A TV drama based on Ian Rankin's Inspector Rebus tale Black and Blue will awaken interest in new Edinburgh city tours. Kristy Dorsey explains

ALTHOUGH Edinburgh's Old Town is awash with tours highlighting the seamier side of days long gone by, visitors seeking a modern-day look at the capital's grittier elements have been left for the most part to stumble into discoveries of some of the fascinating, albeit less-polished, aspects of the city.

Promises of witchcraft, ghosts, and hidden vaults abound along the signboards lining the Royal Mile, and draw in tourists by the busload. Those more inclined towards maritime pursuits can be guided around historic Leith, complete with tales of ''royal visits, piracy, plague'' and, of course, more witchcraft. And while a highly-acclaimed literary pub tour will touch upon the likes of Irvine Welsh, its bread and butter lies in older tales such as Jekyll and Hyde and the lives of Robert Burns, Robert Louis Stevenson, and other long-deceased writers.

Spying a niche in this market, Scottish-born tour guide John Skinner is preparing to take visitors on excursions revolving around the city's most famous modern tartan-noir character.

Rebustours get underway on May 1, offering fans of the morally sceptical detective created by local author Ian Rankin a close-up view of the Edinburgh that tourism forgot. Following the fictional life of Inspector John Rebus, Skinner hopes to tap into the worldwide appeal of this dark character living on the grubbier edge of this world-famous city.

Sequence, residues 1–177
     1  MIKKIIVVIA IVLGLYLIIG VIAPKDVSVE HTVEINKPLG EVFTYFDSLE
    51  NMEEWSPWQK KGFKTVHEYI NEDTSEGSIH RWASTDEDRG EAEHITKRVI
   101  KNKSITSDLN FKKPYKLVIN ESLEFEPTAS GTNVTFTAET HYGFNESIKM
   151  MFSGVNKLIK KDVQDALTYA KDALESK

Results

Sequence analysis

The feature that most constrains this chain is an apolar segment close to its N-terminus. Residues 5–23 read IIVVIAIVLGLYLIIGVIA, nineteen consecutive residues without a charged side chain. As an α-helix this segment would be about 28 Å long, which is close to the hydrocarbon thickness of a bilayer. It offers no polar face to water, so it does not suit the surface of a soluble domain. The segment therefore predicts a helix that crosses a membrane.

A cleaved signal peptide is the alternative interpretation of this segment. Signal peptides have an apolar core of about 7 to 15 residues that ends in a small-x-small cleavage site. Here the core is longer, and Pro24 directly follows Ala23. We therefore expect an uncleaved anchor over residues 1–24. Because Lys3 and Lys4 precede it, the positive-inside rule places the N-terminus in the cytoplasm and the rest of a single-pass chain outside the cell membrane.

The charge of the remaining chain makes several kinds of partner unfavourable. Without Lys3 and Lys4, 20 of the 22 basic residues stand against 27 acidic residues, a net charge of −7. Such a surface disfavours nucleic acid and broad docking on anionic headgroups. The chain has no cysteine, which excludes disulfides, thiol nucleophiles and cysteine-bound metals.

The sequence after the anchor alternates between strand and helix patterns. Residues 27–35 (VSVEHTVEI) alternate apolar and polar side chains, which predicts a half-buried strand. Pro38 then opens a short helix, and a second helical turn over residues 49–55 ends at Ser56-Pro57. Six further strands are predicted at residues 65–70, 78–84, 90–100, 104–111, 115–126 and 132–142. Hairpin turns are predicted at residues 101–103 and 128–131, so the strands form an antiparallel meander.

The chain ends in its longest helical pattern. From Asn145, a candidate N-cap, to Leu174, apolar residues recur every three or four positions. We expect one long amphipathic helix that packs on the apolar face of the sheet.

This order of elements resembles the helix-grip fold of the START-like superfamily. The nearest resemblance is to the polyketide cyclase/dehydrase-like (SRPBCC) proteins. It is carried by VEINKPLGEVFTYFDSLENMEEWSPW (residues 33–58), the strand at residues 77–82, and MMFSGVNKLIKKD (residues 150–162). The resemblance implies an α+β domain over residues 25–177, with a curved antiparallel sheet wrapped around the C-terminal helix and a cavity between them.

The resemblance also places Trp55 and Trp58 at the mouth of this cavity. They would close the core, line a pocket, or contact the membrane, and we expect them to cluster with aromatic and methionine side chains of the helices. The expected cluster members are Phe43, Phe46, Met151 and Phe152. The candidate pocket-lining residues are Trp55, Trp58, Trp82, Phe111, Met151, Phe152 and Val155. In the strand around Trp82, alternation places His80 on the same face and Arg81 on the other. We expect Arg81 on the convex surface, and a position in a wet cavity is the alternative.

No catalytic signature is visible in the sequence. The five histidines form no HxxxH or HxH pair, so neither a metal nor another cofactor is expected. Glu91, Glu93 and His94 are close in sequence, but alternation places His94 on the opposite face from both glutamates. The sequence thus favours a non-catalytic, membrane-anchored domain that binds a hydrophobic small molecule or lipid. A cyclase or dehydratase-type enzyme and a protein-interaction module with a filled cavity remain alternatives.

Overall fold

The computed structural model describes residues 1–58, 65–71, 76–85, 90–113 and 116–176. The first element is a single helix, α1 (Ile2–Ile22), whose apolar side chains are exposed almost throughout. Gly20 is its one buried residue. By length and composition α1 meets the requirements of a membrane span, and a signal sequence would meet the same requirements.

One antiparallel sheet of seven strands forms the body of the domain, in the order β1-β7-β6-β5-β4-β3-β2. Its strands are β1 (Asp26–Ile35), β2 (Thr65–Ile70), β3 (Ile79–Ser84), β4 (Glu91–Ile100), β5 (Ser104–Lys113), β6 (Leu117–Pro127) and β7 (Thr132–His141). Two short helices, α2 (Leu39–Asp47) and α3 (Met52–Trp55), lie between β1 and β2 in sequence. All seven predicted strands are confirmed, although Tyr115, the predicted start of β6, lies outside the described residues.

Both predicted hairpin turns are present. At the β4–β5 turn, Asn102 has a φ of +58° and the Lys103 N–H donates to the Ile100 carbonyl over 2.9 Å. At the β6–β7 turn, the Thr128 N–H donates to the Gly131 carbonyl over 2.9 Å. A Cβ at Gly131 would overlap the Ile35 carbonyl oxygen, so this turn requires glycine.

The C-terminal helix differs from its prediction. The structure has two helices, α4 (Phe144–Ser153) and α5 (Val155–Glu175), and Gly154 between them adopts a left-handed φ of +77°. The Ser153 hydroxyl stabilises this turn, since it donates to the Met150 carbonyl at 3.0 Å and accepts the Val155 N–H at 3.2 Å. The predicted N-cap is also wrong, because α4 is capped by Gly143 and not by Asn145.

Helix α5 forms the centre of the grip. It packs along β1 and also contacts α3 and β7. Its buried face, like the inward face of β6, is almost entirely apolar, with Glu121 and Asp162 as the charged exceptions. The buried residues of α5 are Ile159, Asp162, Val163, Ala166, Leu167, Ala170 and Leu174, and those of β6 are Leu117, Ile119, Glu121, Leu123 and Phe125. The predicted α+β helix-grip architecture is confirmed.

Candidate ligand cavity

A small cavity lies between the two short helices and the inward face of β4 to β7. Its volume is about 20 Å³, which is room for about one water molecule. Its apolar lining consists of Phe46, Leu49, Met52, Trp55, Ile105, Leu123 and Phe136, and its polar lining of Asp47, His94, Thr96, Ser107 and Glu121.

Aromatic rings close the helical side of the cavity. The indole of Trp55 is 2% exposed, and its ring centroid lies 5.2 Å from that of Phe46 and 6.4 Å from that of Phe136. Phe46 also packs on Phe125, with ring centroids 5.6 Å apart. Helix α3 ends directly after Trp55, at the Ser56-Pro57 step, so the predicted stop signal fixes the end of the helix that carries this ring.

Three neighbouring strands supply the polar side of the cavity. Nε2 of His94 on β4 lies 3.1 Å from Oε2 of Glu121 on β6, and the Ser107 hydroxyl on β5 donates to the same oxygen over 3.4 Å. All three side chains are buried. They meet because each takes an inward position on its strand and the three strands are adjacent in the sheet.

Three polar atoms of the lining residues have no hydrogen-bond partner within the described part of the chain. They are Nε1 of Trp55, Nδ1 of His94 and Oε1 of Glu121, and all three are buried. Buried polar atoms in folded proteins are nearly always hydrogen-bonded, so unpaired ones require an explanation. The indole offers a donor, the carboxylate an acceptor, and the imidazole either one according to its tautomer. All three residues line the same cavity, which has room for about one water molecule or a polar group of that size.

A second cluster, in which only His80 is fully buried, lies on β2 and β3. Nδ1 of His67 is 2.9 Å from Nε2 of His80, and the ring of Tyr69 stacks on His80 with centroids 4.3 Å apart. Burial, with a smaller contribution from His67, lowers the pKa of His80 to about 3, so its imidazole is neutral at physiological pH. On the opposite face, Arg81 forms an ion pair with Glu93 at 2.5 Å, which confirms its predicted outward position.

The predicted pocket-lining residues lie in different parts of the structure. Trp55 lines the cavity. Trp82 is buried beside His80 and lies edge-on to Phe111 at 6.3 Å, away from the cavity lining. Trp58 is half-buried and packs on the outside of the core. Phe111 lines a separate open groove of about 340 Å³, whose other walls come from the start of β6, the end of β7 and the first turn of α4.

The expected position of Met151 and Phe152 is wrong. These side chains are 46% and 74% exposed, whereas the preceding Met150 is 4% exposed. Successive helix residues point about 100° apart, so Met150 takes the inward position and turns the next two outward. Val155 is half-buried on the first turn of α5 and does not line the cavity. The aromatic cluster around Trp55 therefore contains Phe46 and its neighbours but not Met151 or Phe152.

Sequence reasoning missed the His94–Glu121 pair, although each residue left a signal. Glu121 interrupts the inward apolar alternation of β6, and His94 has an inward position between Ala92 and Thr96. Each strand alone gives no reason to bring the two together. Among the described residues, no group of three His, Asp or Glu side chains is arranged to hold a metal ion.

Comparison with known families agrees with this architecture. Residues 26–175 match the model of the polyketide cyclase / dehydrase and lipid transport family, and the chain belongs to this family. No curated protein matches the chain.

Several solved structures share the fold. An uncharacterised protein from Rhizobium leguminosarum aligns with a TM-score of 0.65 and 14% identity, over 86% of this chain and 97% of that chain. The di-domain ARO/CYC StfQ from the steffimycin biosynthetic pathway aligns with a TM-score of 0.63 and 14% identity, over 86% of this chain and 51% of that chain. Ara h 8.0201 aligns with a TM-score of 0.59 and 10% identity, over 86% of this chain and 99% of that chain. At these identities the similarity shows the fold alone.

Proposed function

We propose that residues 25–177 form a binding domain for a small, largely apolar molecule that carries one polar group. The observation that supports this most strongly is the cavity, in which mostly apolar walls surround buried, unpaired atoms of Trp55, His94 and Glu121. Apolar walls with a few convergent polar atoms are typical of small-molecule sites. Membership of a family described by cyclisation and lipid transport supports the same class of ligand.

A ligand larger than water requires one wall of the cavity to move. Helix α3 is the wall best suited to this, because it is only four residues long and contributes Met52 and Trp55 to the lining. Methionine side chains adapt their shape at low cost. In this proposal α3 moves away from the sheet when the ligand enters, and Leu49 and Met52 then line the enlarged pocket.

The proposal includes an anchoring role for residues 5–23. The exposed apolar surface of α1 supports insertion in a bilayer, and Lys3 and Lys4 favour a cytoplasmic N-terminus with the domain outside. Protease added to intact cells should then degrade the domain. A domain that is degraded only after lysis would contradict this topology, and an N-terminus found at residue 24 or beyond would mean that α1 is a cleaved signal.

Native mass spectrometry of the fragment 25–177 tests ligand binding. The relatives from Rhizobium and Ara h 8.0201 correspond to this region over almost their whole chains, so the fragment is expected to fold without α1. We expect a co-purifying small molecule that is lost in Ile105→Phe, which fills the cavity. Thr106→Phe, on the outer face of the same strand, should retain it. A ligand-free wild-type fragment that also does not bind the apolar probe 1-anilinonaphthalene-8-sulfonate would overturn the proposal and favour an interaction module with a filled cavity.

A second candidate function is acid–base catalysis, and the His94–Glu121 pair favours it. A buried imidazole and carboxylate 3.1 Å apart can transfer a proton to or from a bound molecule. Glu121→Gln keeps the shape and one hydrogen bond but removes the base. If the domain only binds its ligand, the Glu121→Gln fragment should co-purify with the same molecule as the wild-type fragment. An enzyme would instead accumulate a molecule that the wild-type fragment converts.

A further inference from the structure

''It's all very topical, because coming up is the screening of the film with John Hannah,'' Skinner said last week. ''I've seen the film, and it is great, and John Hannah is great as Rebus.''

Skinner hopes to ride upon what is expected to be a resounding success for the film version of Black and Blue, the novel in which Rebus finds himself obsessed by the Bible John killings while working on a contemporary case. Filmed by Scottish Television and airing tomorrow night, the two-hour drama will be followed by